Section 5, the final part of this article, is a continuation from the previous blog post,
Alternative Myopia Research and Proven Natural Treatment: Section 4. A Radical Mind-Body Theory For The Cause Of Myopia
5.1 Reversing and Improving Myopia in Schoolchildren – Documented Success
Reversing and improving myopia by natural means is more of an art than a science, since the strain to see is highly subjective. Bates devised a number of principles and techniques to help guide individuals to relax the mental strain that was responsible for the optical strain. Consequently, he cautioned that results would be variable. “The ways in which people strain to see are infinite, and the methods used to relieve the strain must be almost equally varied. Whatever the method that brings most relief, however, the end is always the same, namely [eye muscle] relaxation.”
The time frame for improvement is also variable, depending on the degree of myopia. Children with low myopia could invariably improve the quickest if they were under twelve years of age and had never worn glasses. In most such cases, Bates found that the children could return their eyesight to normal within a year or less. For adults who’ve worn glasses for a number of years and have higher degrees of myopia, it will take a considerably longer time period, such as the seven years in Orfield’s case. She warned her patients embarking on myopia reversal that it would be a long and slow process to achieve normal acuity as she did.
Bates’ experiences with children improving their nearsightedness were based on successes he achieved in various schools. When he was practicing his profession in Grand Forks, North Dakota, he initiated a myopia prevention program in 1903 at the request of the superintendent of schools. The program continued with positive results for another eight years. The myopia rate was fairly low to begin with (only six percent of 1,500 students) but went down to almost nothing (less than one percent of 2,000 students) in the year 1910. Bates commented on what he’d learned from this program: “It is impossible to see anything perfectly when the mind is under a strain, and if children become able to relax when looking at familiar objects, they become able, sometimes in an incredibly brief space of time, to maintain their relaxation when looking at unfamiliar objects.”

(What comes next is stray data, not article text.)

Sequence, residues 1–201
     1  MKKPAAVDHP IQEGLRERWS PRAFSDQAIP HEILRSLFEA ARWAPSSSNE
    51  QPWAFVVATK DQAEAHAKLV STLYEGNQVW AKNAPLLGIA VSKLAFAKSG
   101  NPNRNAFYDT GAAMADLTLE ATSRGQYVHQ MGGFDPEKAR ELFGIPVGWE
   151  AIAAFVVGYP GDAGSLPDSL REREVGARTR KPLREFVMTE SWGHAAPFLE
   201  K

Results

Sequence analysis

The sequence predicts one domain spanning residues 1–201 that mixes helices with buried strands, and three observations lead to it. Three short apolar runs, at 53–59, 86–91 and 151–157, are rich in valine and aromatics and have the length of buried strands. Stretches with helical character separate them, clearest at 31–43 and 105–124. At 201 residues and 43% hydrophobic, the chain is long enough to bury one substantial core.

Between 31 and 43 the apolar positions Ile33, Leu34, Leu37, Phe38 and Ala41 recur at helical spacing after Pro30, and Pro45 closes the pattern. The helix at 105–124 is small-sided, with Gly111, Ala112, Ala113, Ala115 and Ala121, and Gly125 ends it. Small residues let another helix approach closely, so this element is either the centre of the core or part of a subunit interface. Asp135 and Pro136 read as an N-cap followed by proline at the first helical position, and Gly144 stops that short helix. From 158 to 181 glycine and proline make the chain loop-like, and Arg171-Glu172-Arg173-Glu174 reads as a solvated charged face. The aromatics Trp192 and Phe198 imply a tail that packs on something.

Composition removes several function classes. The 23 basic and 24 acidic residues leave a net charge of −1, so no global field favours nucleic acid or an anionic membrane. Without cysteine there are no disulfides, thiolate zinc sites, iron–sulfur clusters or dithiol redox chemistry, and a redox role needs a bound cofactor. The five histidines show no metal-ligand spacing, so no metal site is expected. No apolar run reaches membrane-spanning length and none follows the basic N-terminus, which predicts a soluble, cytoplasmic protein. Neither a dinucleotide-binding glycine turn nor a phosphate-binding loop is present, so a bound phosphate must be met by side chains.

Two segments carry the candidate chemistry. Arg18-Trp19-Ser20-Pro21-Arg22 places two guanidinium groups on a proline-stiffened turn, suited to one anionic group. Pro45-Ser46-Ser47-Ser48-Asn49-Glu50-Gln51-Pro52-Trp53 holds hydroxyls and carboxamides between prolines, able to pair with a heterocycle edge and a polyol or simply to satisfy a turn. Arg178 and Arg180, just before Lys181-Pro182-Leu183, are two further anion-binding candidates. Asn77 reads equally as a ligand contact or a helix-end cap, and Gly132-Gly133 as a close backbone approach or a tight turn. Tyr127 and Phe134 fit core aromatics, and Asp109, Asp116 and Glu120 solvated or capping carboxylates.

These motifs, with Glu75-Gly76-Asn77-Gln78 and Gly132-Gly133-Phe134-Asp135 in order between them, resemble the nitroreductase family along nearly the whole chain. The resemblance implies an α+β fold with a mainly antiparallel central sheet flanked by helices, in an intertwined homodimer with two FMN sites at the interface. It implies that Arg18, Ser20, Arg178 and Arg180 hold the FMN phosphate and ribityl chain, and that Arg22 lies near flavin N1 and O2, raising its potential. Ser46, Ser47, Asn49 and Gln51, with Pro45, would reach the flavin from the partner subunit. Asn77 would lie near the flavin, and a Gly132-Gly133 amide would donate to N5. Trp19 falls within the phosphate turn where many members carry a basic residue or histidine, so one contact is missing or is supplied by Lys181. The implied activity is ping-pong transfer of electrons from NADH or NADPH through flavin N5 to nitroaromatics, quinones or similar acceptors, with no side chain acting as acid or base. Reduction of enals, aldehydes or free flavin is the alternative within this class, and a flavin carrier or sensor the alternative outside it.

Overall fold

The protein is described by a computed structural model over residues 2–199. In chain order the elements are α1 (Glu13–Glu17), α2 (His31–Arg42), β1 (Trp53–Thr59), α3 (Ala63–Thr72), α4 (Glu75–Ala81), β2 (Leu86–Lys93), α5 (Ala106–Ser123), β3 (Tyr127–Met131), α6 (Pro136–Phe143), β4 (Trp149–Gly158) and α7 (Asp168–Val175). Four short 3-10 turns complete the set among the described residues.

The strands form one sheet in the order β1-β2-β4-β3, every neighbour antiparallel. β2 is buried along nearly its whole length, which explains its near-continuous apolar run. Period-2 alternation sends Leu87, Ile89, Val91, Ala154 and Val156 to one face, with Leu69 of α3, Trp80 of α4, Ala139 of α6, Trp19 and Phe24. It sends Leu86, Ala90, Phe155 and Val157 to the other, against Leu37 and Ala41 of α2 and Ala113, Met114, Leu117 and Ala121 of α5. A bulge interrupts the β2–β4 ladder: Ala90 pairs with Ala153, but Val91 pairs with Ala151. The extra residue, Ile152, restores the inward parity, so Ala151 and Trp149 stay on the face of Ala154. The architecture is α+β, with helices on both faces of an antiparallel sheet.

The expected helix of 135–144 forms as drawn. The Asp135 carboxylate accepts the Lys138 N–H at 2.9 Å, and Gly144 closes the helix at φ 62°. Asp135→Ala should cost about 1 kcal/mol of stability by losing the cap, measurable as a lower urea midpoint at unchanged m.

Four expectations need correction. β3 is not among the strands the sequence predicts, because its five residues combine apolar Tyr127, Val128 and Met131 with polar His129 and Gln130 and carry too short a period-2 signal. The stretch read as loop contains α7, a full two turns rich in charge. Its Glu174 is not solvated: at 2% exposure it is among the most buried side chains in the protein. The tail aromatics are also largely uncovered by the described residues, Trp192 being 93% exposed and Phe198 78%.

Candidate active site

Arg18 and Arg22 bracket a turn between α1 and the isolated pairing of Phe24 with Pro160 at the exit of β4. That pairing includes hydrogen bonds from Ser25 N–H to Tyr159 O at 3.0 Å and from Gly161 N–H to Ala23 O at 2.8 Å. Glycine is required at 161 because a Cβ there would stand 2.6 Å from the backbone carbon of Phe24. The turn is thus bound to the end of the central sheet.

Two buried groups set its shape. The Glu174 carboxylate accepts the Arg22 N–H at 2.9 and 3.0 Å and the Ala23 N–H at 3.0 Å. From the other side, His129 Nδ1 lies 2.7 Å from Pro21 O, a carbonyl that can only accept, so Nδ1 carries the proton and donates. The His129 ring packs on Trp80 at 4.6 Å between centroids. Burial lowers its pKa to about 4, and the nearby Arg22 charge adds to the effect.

When Bates had moved back to New York, he started a similar myopia reduction program in five public schools, with a participation of 5,700 students. Only students not prescribed glasses were involved in the program. They were taught to practice reading a familiar Snellen eye chart (such as the one shown in Figure 5.1) silently at their desks each day. The goal was to learn to prevent straining so as to better see objects at the distance. Ordinarily, the children would strain to see unfamiliar objects, such as writing or figures on the blackboard, maps, diagrams or pictures. Such strain would induce a myopic change in their acuity and, over time, low levels of myopia would gradually settle in rather than stabilizing back to normal acuity once the strain to see was gone.
The teachers were taught how to test and record the vision of the children at different intervals throughout the school year using a Snellen eyechart from a distance of twenty feet. An unfamiliar chart was used for each test — not the one on which the students had practiced daily — so that the students wouldn’t have memorized the letters. As well, schools would request an objective medical examiner from the health department to occasionally test the students and verify the recorded results. A considerable reduction in myopia occurred as noted in Figure 5.2. The successes of both the Grand Forks and New York programs were documented in the New York Medical Journal.
Bates documented other successful case studies too numerous to mention in this article. His natural methods for relieving eyestrain were successful for improving other conditions, such as astigmatism and presbyopia (old age sight). As well, he recommended eye movement re-education instead of surgery to treat people with strabismus (misalignment of the eyes). The remarkable photos in Figure 5.3 are one such case. The girl was a patient of another ophthalmologist who was planning surgery and consulted Bates for his opinion of which particular muscles to operate on. Instead of surgery, Bates recommended eye re-education which he initiated and instructed. The other ophthalmologist continued the treatment and successfully corrected the girl’s strabismus in that manner within a month.